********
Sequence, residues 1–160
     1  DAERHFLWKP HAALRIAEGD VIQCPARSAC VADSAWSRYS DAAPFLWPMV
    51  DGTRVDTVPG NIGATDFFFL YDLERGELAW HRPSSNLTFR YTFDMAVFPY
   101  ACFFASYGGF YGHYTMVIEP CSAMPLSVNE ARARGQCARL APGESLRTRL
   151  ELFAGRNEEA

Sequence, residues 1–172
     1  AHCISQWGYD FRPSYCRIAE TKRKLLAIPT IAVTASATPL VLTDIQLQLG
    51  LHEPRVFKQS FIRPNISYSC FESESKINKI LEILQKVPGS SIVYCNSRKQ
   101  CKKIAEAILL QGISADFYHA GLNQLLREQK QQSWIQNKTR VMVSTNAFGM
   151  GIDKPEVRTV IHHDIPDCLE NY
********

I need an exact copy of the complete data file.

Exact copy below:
Sequence, residues 1–160
     1  DAERHFLWKP HAALRIAEGD VIQCPARSAC VADSAWSRYS DAAPFLWPMV
    51  DGTRVDTVPG NIGATDFFFL YDLERGELAW HRPSSNLTFR YTFDMAVFPY
   101  ACFFASYGGF YGHYTMVIEP CSAMPLSVNE ARARGQCARL APGESLRTRL
   151  ELFAGRNEEA

Sequence, residues 1–172
     1  AHCISQWGYD FRPSYCRIAE TKRKLLAIPT IAVTASATPL VLTDIQLQLG
    51  LHEPRVFKQS FIRPNISYSC FESESKINKI LEILQKVPGS SIVYCNSRKQ
   101  CKKIAEAILL QGISADFYHA GLNQLLREQK QQSWIQNKTR VMVSTNAFGM
   151  GIDKPEVRTV IHHDIPDCLE NY